Abstract Background Managing thrombocytopenia with a prophylactic strategy was previously recommended for patients with impaired bone marrow function, hematological malignancies, and recipients of HCT when platelet counts declined to under 10,000/uL. However, the updated 2018 ASCO guidelines now suggest a place for a therapeutic i.e., after a bleeding event rather than a prophylactic platelet transfusion strategy for patients with hematologic malignancies undergoing autologous HCT. Studies show a lack of significant difference between trial groups in hemostatic outcomes, such as the number of WHO grade 2-4 bleeds, and number of days with bleeding events. Platelet transfusions increase risks of infectious and non-infectious complications as well as inducing a platelet refractory state. Our Transfusion Free Medicine Program has now performed over 200 autologous hematopoietic stem cell transplants (HCT) in Jehovah's Witnesses who due to religious convictions, do not accept red cell or platelet transfusions. Vitamin K is a fat-soluble vitamin that is required for normal blood clotting. Autologous HCT patients are at risk for vitamin K deficiency from multiple reasons including malnutrition, frequent use of antibiotics, chemotherapy induced gastrointestinal toxicity leading to malabsorption and colitis. The prothrombin test lacks the sensitivity and specificity to detect mild deficiency. A mild vitamin K deficiency may be underdiagnosed in our transplant patients adding to bleeding risk. With the effective use of antifibrinolytic agents and Vitamin K as an alternative to platelet transfusions we believe this may enhance hemostasis and prove a valuable adjunct to a therapeutic approach. Methods Patients in our study were those who were of the Jehovah's Witness faith undergoing autologous HCT for Multiple Myeloma and Lymphoma. Patients received aminocaproic acid as an alternative to platelet transfusion to enhance hemostasis at a dose of 1 g every 4 hours or prophylactically for platelet counts less than 30,000 /uL. Titration to 4 g every 4 hours intravenously was required for platelet counts less than 10,000/ul or clinical bleeding. Vitamin K 10 mg orally or subcutaneous was also started at this time. Results Table 1 illustrates the low number of bleeding events especially grade 3 or 4 that occurred. There were no Grade 3 or 4 bleeding events in patients with platelet counts above 5000/uL. No patient had residual long term effects nor was there an increase in thromboembolic events. Conclusions These data add to the body of literature supporting a therapeutic platelet transfusion strategy in an experienced center for autologous HCT patients and challenges the prophylactic platelet count of 10,000 /uL suggesting instead 5000/uL. The safety and efficacy of antifibrinolytic agents and Vitamin K as an alternative to platelet transfusions to enhance hemostasis in autologous stem cell transplant patients may prove beneficial not only in JW patients but also in those transplant centers wishing to offer a therapeutic platelet transfusion approach and as a strategy to manage platelet refractoriness. Figure 1 Figure 1. Disclosures No relevant conflicts of interest to declare. OffLabel Disclosure: Aminocaproic Acid is an antifibrinolytic agent approved for treatment of bleeding in surgical patients and hematological bleeding disorders. Vitamin K is approved for use in reversal of anticoagulation from Warfarin, vitamin K deficiency without liver disease and in the newborn.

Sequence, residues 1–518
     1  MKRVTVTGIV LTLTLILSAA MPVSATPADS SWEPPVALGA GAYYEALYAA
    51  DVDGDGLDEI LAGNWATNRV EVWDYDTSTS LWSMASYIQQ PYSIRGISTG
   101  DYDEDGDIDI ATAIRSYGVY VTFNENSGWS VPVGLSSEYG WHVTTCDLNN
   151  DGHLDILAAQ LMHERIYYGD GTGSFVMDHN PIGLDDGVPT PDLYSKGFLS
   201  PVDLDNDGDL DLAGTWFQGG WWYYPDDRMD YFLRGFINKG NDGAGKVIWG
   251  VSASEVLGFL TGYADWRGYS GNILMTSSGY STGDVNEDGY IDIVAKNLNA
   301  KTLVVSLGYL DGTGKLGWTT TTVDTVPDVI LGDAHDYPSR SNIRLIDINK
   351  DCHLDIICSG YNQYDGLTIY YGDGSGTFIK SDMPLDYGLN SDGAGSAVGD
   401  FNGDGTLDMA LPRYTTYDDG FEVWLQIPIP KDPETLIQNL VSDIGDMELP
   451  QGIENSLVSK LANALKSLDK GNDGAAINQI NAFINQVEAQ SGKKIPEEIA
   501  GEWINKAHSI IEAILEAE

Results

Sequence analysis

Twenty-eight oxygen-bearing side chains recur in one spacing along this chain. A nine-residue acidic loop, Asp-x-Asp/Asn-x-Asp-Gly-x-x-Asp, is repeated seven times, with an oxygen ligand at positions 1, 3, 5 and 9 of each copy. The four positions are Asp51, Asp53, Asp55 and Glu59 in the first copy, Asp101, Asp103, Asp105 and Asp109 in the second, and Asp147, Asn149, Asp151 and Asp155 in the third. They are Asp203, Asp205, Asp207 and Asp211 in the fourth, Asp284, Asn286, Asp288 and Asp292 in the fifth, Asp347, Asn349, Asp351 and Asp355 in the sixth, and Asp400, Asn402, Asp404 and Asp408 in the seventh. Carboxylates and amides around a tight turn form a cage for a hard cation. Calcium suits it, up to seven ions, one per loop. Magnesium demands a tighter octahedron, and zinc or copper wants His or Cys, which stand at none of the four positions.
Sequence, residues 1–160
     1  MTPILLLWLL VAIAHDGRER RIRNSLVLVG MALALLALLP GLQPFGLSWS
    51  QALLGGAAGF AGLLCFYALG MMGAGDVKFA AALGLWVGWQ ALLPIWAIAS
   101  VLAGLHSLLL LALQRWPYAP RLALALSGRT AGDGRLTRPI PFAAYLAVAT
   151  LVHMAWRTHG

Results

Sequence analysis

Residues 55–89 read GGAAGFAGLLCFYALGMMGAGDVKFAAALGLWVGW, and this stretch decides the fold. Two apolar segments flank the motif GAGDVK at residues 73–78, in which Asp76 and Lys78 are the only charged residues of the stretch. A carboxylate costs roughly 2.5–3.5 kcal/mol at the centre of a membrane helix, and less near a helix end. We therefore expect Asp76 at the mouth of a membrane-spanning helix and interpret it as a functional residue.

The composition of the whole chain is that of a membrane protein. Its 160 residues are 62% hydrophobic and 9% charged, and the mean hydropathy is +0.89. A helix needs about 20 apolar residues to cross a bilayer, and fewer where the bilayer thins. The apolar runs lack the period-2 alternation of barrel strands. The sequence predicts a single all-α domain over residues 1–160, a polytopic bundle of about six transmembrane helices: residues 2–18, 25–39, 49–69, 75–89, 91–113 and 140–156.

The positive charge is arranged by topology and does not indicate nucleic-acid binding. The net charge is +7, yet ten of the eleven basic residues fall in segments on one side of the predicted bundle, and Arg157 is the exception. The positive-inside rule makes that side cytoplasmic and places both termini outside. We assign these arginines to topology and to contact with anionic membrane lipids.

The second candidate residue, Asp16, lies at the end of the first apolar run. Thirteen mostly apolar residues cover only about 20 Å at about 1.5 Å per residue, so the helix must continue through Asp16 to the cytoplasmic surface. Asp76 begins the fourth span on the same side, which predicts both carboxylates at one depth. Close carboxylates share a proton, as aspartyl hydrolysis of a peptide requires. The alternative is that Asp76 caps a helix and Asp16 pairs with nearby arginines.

2021 ◽  
pp. 110742
Tong-Lu Wei ◽  
Sheng-Di Yang ◽  
Shi-Ping Cheng ◽  
Mao-Song Pei ◽  
Hai-Nan Liu ◽